That in turn tempted Americans to try creamy, full-fat yogurts, companies say. “Greek yogurt redefined the American consumer’s palate, and now they’re more adventuresome and really enjoying thicker yogurts,” says Koel Thomae, co-founder of Noosa Yoghurt, a line of full-fat yogurts. “Fat certainly delivers flavor, and it’s a travesty not to have any in your diet.”
Yogurt makers are taking different approaches toward expressing fat content on containers. Some, including those from Stonyfield’s Oh My Yog! and Chobani’s new Indulgent line specify “whole milk,” while other full-fat yogurts like Noosa and WhiteWave Foods Co.’s Yulu just lack a low-fat or nonfat description. “We wanted the packaging to be as simple as possible,” says Noosa’s Ms. Thomae.
The $9 billion U.S. yogurt business needs a new blockbuster now that the explosive growth of Greek yogurt has lately started to slow. Greek yogurt propelled yogurt to grow an average of 9% from 2010 through 2013, but last year sales growth slowed to 3%, according to market-research firm Packaged Facts. While still one of the biggest sales gainers in the grocery store, yogurt makers face pressure to maintain sales momentum to keep hard-won shelf space.
“We still sell plenty of nonfat and low-fat dairy products, but the growth has come from whole-fat dairy products,” says Errol Schweizer, executive global grocery coordinator at Whole Foods Market Inc., which has increased its selection of whole-milk yogurts and milk in recent years. “A lot of customers have been going toward minimally processed dairy products, and that includes products that have the fat left in it.”
Maple Hill Creamery only makes full-fat yogurts, believing that the organic milk it uses from grass-fed cows shouldn’t be diminished. “We are unapologetically full-fat,” says Sara Talcott, director of marketing for Maple Hill. “Why would you take the best part of the milk out?”
Maple Hill, which launched in 2009, says increasingly mainstream retailers like Wal-Mart Stores Inc. ’s Sam’s Club have recently started selling its yogurts, a reflection of a new shopper sensibility toward nutrition and food production, Ms. Talcott says. “The consciousness of consumers has shifted so quickly to transparency into how we make the milk,” she says. “I’ve never had a consumer ask us for a low-fat version.”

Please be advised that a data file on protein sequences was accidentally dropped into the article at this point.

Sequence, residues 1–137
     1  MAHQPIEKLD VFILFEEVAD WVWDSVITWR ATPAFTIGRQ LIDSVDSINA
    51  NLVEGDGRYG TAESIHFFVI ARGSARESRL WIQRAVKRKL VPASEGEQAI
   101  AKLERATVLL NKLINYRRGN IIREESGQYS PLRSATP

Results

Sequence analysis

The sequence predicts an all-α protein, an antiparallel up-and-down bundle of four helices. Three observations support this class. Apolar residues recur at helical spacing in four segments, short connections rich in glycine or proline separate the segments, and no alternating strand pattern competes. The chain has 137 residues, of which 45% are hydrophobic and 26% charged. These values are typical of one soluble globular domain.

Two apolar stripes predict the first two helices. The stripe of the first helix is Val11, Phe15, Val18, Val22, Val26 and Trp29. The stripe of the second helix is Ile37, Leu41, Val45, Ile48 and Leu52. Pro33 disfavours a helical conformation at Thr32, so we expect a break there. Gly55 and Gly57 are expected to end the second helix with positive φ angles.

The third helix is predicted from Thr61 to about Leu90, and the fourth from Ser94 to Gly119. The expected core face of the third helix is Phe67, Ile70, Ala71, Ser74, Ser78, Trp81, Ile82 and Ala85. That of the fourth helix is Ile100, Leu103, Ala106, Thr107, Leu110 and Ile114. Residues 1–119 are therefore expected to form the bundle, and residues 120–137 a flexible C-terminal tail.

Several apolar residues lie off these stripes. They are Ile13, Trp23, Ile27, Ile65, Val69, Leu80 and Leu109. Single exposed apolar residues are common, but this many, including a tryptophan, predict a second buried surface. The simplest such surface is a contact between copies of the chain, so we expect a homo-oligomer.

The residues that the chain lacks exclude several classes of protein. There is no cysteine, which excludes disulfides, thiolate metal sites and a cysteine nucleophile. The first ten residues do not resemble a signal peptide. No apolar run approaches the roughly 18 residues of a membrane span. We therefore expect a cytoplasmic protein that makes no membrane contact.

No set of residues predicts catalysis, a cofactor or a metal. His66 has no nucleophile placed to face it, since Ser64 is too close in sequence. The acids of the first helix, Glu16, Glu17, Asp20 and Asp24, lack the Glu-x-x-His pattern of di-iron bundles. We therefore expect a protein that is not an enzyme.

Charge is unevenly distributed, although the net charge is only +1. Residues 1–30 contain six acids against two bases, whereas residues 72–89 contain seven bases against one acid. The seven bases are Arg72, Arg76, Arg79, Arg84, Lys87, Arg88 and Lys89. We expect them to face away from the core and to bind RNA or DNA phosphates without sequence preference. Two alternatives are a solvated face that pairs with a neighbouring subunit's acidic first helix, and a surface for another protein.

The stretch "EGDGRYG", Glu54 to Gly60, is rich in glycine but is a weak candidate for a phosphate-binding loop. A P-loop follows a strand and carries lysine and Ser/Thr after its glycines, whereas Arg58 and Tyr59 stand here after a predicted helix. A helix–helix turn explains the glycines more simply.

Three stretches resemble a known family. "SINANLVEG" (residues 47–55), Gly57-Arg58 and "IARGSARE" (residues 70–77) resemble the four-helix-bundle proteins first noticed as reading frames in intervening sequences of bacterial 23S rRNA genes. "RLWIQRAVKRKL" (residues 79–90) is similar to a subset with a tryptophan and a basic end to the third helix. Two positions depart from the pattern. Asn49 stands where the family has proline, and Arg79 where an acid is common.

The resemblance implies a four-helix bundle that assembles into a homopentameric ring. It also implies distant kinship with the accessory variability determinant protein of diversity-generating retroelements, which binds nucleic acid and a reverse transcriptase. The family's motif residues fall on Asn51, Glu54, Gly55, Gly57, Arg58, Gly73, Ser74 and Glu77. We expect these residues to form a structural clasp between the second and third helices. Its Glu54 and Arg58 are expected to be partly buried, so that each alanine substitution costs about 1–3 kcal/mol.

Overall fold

Linda Dolejs, an executive assistant in Portland, Ore., eats full-fat yogurt three or four days a week for lunch or as an evening snack, often choosing a cream-top yogurt made by Stonyfield’s Brown Cow brand. “Full-fat yogurt is creamy, rich and tastes so much better than nonfat yogurts,” she says. “I do read the labels, but I’m paying more attention to whether there are artificial sweeteners in them, and if there are I don’t eat them.”
Some full-fat yogurts are now marketed as a dessert equal and alternative, rather than a dieter’s virtuous substitute. Chobani last year introduced a whole-milk yogurt line called Chobani Indulgent, which is “so decadent, it can only be dessert,” its website says. Flavors include double chocolate chunk.
“We give portion control and it’s under 200 calories, but you don’t feel cheated,” says Peter McGuinness, Chobani’s chief marketing officer. “We joke that indulgence has never been so innocent.”
WhiteWave introduced the Australian-style Yulu in January. “Consumers desire real ingredients, real food and real fat,” says Rebekah Lyle, WhiteWave’s director of marketing and innovation for yogurt. “People have been dieting for a long time.”

Poster’s comments:
1)      All things in moderation is still a valid thought.
2)      We need some fat to live and enjoy best health.
3)      Some people will have a hard time getting  fat in their diets during many hard times scenarios.